There are “No Rules”  anymore when it comes to the music industry and how band or musical acts market themselves in the digital age. To underscore the changing ways of doing business and the ability of an act taking control of its music and image outside of the “record deal”  -  traditionally label based system, Groove Armada’s deal with Barcardi Rum is unprecedented. Its a pure play “Branded Content”  deal.  The UK based , world renowned DJ  and dance music act Groove Armada, has signed an exclusive one year  recording, DJing and promotional deal with Barcardi.  And it  has the music industry pundits questioning whether its a  ”Sell Out” or another wake call in the ever evolving era of media portability and its impact on all traditional  entertainment media. 

In the 21st Century music scene, with music sales down and the internet transferring power to the artists, their options are wide open. In what could be called a symbiotic exchange or  promotional deal, Groove Armada gets to be promoted and play to new audiences worldwide under the marketing flagship of Barcardi. It is what could be called a branded content  viral or social marketing deal too.  Bacardi is  the facilitator of content or  music sharing, is  associated to a “hip act ” and right in touch with core audience and their media and social habits.  A  four-track EP – the only music to be released under the contract  -  was launched by Tom and Andy Cato at the Midem international music convention in Cannes yesterday.  

The Branded Content – Social marketing deal 

The EP will be delivered through an innovative sharing mechanic called Bacardi B-LIVE Share; a pioneering online application encouraging and rewarding consumers who share Groove Armada’s music from the EP with their own online communities.  Andy Cato says of the model -
“Sharing music has always gone on. It’s giving music away that’s the problem. We wanted to come up with a 21st century version of what we used to do with cassette tapes. When you give music away for free it’s disposable. When you share it, it’s done with love.” 

The first track  has just been released  as a free  download for free from http://www.bliveshare.com , Baracardi’s brand spanking  new music / promotional sharing platform. 

In what is surely  an experiment in Social Media and Viral marketing , to get the other three tunes, fans must share the first with their friends, who share it with their friends, who share it with their friends.

To get the second track, the fans and their network of friends must spread the first 20 times through the website. To get the third, the network must share it 200 times. And for the fourth, the first MP3 must be shared 2,000 times in total.  The originator or ancestor  being able track their spread of music through their social network with a window of six weeks to spread it, after which time all four songs will go on sale through normal digital stores.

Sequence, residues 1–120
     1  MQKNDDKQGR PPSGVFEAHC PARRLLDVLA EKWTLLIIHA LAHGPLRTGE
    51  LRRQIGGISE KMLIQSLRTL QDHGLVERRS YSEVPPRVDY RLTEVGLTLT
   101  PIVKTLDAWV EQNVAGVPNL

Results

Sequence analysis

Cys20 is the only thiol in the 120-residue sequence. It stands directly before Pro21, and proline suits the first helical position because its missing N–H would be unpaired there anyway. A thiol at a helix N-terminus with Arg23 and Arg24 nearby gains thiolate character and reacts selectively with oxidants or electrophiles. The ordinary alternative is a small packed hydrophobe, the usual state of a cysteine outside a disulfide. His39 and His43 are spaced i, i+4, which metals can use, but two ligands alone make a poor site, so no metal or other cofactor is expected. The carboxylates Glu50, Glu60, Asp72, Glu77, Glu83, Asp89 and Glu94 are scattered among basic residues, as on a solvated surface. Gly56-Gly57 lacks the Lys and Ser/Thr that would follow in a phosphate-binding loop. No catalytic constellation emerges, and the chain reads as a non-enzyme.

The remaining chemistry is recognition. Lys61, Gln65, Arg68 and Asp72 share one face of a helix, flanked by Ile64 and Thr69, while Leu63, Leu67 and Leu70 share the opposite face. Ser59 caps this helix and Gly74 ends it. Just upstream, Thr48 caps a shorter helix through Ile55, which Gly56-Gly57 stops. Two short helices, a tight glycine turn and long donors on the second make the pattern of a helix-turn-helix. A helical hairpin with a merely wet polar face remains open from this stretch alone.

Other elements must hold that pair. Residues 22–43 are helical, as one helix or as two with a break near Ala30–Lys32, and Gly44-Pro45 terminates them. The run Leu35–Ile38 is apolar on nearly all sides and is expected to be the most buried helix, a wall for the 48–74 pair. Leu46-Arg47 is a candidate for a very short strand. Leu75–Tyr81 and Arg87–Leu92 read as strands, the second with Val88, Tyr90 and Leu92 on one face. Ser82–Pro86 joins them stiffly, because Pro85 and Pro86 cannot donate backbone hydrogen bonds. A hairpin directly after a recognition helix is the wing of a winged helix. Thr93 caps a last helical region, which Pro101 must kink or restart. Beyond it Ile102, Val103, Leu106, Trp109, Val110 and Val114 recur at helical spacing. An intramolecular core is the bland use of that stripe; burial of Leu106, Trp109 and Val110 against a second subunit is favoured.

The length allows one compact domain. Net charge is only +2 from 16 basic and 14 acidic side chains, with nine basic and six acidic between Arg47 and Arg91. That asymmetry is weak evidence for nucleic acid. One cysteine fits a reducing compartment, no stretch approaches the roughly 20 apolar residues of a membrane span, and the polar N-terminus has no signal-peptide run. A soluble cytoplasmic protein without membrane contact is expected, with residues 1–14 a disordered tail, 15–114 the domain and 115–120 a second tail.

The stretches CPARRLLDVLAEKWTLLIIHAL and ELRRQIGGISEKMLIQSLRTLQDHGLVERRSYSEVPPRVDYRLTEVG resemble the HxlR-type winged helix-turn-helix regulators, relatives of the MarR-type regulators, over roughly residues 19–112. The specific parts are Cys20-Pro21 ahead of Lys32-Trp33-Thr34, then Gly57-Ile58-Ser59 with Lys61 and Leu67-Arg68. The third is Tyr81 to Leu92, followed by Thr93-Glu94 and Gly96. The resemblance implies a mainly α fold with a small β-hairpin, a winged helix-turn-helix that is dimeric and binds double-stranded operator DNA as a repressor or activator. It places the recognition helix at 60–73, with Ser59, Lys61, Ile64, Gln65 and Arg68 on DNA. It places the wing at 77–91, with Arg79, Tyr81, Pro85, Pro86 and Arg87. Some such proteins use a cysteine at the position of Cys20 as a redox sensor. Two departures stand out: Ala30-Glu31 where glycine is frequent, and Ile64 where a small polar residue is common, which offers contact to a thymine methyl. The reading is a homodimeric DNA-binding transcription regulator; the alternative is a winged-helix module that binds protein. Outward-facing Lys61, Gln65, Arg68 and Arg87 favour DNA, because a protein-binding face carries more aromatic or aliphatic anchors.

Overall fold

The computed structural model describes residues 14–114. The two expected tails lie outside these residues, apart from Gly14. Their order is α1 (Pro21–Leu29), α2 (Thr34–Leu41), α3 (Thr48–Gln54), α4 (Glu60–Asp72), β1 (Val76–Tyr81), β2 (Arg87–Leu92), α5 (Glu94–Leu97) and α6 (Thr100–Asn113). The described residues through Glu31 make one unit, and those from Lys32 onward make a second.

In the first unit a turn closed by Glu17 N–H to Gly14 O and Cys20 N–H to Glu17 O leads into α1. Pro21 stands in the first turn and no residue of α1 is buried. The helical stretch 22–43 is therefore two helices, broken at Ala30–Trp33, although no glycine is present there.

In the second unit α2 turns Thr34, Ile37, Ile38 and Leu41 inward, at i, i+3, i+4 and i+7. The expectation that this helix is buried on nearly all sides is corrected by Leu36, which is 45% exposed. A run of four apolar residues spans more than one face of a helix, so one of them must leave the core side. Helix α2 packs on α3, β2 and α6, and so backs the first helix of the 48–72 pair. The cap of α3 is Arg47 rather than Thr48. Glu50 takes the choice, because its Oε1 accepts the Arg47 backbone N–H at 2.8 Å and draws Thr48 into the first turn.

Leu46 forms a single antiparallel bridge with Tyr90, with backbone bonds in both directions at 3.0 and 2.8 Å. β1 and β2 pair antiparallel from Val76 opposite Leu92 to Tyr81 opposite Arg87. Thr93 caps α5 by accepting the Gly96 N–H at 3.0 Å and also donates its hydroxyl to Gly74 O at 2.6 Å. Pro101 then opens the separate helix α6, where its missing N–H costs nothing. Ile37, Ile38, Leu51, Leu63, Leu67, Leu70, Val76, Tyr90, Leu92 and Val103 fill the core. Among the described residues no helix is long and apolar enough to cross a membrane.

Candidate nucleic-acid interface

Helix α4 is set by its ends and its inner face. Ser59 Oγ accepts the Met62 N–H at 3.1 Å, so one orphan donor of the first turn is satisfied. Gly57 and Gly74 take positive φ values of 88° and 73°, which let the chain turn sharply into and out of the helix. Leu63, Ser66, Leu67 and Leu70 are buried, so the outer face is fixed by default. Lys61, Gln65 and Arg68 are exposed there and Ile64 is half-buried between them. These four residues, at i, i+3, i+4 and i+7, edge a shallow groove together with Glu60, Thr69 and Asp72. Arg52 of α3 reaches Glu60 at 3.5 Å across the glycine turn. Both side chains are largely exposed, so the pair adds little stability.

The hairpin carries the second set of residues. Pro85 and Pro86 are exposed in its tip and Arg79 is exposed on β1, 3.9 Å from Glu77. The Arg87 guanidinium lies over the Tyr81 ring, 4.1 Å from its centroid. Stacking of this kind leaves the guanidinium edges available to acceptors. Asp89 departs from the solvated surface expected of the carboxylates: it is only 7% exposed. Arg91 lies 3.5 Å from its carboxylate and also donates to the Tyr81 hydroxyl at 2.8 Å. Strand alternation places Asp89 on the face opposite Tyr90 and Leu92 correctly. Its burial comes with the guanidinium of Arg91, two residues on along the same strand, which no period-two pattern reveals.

The site includes social sharing applications with Facebook , MySpace , blogs , websites , and a call to social  email campaigning.  

 So download your  exclusive Groove Armada track “Go” from me :)  

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Web 2.0 : The basics of the Open and social web

Posted by John Horniblow on Jan 14, 2009 in General, User experience

“An emerging network- centric platform to support distributed,  collaborative and cumulative creation by its users.” 

- John Hagel 

Web 2.0  is such an amorphous terms that defies a hard definition. In the many years that  have been talking about and working in in web development and interactive marketing I would often describe the evolution of the web as  generational,  heralding each leap in concept  from media, content,  browsers, systems and platforms  as contributing generational stepping stones to where we are today. The hyperbolic change that occurred in the early internet years seemed to have generational change each successive year with competing technologies, media companies and battling it out for a controlling position. When the dot com bubble finally burt in 2001  there was a  turning point in the web. The point where after a shakeout the ascendent technologies began to differentiate themselves from the raft of “frothy flotsam ” washed up in wake of the the crash. Perhaps the corporate agendas of owning  or controlling the web , the antithesis of its organic and free form, had failed. What was apparent at this time was that new sites and technologies kept on revitalizing the digital space in an open and collaborative way. 

While the boom was definitively over the web just kept evolving in open way and the  transition to  Web 2.0 was enabled by the emergence of platforms such as blogging, social networks, and free image and video uploading, that collectively  allowed extremely easy content creation, access and sharing by anyone who had a computer and a connection. The barrier to entry of web publishing or content creation was over and the social voice of the digital consumer  had begun its transformative ride over traditional media. 

 If you think Web 2.0  as simply social networking or just about the technical or geek jargon…. you really need to think again. Every aspect of Web 2.0 is driven by consumer participation, from content, its voice, browser development, technology platforms, and an ever evolving digital life.  The most definitive trend and primary direction of Web 2.0 is for users to control  the content they create, the data captured about their web activities and their identity and their willingness to participate and socialize collectively. The gradual opening or advances in  digital standards  have allowed for a common interfaces and integration across content and applications allowing a less constrained environment then had previously existed before.  Decentralized in its architecture, participation, and usage, Web 2.0′s  real  power and flexibility emerges  from distributing applications and content over many points rather than having them locked down on centralized or controlled systems. Its is truly becoming a  plugin and play open environment for digital interplay between content and devices where the consumer experience  of  media or content mobility is quintessential.